There have been a lot of books written lately dealing with teen mental illness, some successfully, some not so much. They are tough to read, and tough to review. This one in particular was difficult – although I really loved it, it left me with questions.
Samantha McAllister is a junior in high school, and has been diagnosed with Purely-Obsessional OCD; she can’t turn off her brain without the help of meds and dark thoughts can overwhelm her. Her crushes on various boys are not always based in reality. Sleep can be nearly impossible and the number three has far too much influence on her daily activities.
She has been best friends since junior kindergarten with the same group of girls – the Crazy Eights (now down to five). They are the popular girls, they set the trends for make-up and clothes, are on every social committee, are the ones everyone else wants to be. Or so Samantha thinks.
In reality, she is no longer comfortable around the group, and she feels like the fifth wheel. The petty jealousies, the social structure and watching every word she says and every outfit she chooses is tiring. She is ready to move on, but is afraid to leave the safety of familiarity, afraid to make such a change.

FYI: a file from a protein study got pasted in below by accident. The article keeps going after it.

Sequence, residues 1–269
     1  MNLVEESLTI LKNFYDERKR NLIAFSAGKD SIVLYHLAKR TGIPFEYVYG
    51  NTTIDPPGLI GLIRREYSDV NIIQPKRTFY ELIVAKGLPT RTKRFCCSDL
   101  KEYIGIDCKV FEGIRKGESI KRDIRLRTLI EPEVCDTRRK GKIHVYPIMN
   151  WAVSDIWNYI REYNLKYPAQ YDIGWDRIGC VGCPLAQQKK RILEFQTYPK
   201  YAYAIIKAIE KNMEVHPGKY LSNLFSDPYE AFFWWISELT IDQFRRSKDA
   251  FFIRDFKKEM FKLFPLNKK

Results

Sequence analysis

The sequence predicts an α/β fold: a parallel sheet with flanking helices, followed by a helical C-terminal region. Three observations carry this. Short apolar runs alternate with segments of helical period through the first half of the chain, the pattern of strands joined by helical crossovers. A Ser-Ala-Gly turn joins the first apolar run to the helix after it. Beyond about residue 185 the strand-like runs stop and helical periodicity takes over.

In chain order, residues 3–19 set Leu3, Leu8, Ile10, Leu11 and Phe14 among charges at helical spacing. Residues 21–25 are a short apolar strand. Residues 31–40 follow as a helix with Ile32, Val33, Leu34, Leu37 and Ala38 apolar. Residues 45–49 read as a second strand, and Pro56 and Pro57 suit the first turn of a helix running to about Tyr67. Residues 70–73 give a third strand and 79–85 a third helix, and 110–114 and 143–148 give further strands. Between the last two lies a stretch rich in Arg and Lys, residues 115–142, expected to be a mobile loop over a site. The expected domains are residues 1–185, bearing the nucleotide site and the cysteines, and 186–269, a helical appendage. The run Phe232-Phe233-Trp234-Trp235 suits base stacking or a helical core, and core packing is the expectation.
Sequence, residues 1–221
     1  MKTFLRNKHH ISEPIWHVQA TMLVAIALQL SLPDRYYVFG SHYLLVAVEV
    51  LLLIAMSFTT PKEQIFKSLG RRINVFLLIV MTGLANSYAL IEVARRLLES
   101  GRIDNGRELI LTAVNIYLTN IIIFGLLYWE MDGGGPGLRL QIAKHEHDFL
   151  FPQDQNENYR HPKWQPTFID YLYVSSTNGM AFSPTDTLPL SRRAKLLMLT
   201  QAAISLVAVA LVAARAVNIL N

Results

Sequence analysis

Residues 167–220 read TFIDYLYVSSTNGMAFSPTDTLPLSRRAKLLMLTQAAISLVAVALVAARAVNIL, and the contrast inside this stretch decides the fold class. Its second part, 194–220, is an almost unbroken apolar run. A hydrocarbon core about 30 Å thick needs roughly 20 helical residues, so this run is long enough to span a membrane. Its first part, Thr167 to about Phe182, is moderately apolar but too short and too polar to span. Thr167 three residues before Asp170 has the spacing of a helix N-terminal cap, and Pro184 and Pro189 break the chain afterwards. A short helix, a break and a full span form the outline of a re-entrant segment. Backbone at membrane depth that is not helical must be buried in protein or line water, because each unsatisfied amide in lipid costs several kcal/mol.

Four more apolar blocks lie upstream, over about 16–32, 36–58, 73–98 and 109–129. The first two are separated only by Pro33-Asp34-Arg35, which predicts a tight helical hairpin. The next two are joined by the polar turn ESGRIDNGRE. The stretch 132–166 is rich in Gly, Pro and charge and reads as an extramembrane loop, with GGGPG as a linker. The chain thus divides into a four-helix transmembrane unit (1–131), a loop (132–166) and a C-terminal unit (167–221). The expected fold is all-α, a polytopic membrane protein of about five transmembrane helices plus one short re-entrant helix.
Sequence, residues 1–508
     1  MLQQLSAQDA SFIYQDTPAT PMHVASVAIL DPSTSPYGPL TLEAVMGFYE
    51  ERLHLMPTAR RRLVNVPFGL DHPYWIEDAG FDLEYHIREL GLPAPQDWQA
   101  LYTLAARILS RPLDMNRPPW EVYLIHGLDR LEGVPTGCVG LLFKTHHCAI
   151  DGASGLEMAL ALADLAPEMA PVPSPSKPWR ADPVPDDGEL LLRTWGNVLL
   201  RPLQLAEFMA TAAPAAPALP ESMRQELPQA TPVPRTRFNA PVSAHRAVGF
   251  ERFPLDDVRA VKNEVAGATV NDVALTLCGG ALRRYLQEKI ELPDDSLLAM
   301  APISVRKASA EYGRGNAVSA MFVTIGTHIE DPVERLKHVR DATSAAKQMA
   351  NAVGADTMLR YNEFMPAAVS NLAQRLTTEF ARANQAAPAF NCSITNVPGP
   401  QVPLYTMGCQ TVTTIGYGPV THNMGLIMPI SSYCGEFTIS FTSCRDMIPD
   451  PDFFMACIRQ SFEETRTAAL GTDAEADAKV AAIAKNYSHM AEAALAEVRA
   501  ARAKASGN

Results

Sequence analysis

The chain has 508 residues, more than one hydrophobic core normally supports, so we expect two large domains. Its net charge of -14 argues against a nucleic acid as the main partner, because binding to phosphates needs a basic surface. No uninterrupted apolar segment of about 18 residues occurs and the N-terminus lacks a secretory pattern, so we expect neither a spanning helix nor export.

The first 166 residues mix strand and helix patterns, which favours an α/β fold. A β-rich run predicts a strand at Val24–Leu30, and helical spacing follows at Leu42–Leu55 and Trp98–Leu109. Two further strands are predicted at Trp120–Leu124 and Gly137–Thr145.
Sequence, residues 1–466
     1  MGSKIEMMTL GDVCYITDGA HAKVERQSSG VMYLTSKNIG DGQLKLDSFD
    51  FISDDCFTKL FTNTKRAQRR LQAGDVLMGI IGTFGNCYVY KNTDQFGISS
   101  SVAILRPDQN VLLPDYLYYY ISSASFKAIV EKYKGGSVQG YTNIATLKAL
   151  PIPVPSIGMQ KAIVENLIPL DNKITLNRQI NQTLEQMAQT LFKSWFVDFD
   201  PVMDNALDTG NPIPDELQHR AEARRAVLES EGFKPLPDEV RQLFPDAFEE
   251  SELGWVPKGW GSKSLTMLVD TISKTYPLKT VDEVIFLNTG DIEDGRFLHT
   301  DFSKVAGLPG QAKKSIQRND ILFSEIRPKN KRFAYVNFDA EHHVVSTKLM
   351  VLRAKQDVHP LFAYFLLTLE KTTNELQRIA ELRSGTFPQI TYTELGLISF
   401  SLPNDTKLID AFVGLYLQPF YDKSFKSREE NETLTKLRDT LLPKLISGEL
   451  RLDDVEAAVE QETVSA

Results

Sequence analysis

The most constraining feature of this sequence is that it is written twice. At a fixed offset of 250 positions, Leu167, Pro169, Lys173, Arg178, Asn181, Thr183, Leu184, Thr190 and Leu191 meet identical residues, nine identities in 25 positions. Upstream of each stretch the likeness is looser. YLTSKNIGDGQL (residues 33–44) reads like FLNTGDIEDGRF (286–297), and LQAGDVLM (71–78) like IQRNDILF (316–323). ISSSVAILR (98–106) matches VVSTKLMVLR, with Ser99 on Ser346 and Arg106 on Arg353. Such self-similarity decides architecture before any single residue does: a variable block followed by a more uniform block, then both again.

Then she meets Caroline, who helps her find her own voice. Sam is introduced to Poet’s Corner, and accepted into a group of individuals who all have their own ideas and quirks, who all are ready to like her for her. She competes at an elite level in swimming, and finds strength in the pool and in her writing. Slowly, she starts to feel “normal,” and occasionally leaves behind some of her regular behaviours.
I did NOT see the twist coming at the end.
Tamara Ireland Stone writes fabulous characters. Sam, AJ and Caroline were so alive, and the various friends and frenemies were absolutely believable. Stone evokes emotion without effort throughout; the story made me angry, made me hold my breath, cringe, laugh and cry.
Here is my issue with the story: I cannot judge how successful it is in portraying OCD accurately. To me, Sam’s challenges seemed a bit romanticized, if I can use that word. Is it really likely that a teenage girl was able to hide her OCD from the friends she had hung out with almost daily since kindergarten? When she was diagnosed so young?
That said, it feels like an honest attempt, and I think was done respectfully. Any effort to shine a light on and bring understanding to teen mental illness should be applauded.
Given the subject matter, the novel is appropriate for age 12 and up.
Every Last Word is published by Hyperion.